The holy trinity of internationally known Mexican directors, aka Alfonso Cuarón (Children Of Men), Guillermo Del Toro (the Hellboy films) and Alejandro González Iñárritu (Babel) will produce Mother And Child, a new ensemble drama from Colombian filmmaker Rodrigo García (Things You Can Tell Just by Looking at Her), who also wrote the script.
The $4.5 million project, produced with Mockingbird Pictures president Julie Lynn, follows the intersecting lives of a 50-year-old woman, the daughter she gave up for adoption 35 years ago and a black woman looking to adopt a baby.
Set to begin a Los Angeles shoot in late December or January, the film continues Garcia’s examination of female characters found in his dramas “Things You Can Tell Just by Looking at Her” and “Nine Lives.”
In the meantime Garcia’s latest film, the intriguing supernatural thriller Passengers (see the trailer), currently watchable in Greece, Spain and Iceland, will open in the US on October 24th, in the UK on November 28th and in Australia on December 4th.
I saw Babylon A.D. today, and while I won’t write a full review of it at this time, I do have a few things I want to say. Babylon A.D. has been a pet project for acclaimed French director Mathieu Kassovitz (Gothika) for many years, with him being a huge fan of Maurice Georges Dantec’s source novel Babylon Babies. The film had a very troubled shoot and was delayed from its original release date in early 2008. Ultimately, most people had already dismissed the film before it was released, and the final nail in its coffin was when both Kassovitz and lead actor Vin Diesel (Find Me Guilty) trashed the film before its American release. Here’s the catch though: they were talking about the Fox version of the film.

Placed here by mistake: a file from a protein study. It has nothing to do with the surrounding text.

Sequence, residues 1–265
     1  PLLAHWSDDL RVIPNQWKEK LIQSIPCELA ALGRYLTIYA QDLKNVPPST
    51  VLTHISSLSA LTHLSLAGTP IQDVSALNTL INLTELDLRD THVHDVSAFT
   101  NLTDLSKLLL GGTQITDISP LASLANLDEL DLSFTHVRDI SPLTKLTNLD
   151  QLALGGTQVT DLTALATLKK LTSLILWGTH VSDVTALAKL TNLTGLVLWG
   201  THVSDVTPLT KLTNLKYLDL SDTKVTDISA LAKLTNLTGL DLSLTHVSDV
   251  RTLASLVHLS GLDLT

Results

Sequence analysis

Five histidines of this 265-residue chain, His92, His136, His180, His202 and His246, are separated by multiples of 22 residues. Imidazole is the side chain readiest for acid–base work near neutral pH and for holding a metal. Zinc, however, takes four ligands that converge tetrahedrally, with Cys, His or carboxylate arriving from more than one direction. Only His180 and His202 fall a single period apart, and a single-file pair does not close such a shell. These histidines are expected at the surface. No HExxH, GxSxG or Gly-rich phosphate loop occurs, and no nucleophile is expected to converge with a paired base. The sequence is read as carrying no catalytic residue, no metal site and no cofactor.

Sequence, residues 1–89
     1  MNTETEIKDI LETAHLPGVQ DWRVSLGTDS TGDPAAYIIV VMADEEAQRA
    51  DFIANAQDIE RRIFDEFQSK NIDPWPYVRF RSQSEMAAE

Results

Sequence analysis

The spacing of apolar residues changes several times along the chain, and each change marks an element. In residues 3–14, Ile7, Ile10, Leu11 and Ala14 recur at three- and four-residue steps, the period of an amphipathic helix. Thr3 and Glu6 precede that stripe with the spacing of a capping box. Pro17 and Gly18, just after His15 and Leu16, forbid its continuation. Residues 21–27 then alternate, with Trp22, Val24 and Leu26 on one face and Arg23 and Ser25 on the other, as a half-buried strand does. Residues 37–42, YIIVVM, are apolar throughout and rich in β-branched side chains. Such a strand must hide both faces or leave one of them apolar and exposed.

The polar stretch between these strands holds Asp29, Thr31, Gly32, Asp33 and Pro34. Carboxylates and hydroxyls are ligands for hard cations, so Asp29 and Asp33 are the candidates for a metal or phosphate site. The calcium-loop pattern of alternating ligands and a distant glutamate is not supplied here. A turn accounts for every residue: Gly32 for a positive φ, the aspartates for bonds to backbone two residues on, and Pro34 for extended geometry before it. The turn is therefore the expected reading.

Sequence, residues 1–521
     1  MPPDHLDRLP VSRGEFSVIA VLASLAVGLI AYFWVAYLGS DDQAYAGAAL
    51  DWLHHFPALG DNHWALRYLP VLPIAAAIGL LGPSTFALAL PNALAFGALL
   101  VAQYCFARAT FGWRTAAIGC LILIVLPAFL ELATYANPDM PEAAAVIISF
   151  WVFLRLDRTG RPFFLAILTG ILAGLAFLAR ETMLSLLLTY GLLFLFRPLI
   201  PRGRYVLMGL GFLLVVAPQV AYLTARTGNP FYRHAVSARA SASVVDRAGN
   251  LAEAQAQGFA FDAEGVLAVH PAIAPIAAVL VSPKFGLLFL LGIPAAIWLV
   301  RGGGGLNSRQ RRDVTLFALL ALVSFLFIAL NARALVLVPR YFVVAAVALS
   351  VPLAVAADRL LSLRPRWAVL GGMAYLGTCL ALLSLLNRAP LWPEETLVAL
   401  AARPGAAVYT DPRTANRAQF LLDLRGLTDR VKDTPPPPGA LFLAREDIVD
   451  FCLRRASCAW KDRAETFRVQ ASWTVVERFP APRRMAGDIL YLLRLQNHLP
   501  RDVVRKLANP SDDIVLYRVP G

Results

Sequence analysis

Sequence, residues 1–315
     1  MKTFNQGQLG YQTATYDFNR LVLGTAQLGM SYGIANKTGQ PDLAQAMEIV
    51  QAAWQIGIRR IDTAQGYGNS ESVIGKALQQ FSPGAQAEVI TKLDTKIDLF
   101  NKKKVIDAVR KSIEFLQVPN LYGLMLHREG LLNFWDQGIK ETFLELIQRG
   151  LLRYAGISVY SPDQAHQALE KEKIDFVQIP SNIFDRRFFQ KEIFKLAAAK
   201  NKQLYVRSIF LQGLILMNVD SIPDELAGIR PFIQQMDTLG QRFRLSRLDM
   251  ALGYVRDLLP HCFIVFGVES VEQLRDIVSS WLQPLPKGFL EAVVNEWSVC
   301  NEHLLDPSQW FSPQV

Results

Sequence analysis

Yes, there are two versions of Babylon A.D., one which runs 90 minutes and is distributed by 20th Century-Fox in the US, Canada, UK and some other countries, and another by Studio Canal, which doesn’t mention Fox at all and lasts 11 minutes more. Now this doesn’t mean that Fox simply cut out 11 minutes from the film and released it…they actually cut out much more, and replaced it with footage that isn’t in the longer version. I haven’t seen the Fox version, but I’ve read about it and can thus tell you that Fox basically removed significant parts of plot development and replaced them with action scenes that are completely absent from the Studio Canal version… Fox changed the beginning, Fox changed the ending, Fox changed the dialogues, Fox changed everything.